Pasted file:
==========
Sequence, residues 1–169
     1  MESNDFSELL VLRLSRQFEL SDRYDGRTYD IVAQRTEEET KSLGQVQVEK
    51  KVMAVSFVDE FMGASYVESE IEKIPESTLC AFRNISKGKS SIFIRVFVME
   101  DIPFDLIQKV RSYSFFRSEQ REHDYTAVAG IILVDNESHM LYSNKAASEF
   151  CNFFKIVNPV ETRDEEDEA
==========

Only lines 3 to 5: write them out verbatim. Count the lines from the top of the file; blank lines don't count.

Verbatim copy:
    51  KVMAVSFVDE FMGASYVESE IEKIPESTLC AFRNISKGKS SIFIRVFVME
   101  DIPFDLIQKV RSYSFFRSEQ REHDYTAVAG IILVDNESHM LYSNKAASEF
   151  CNFFKIVNPV ETRDEEDEA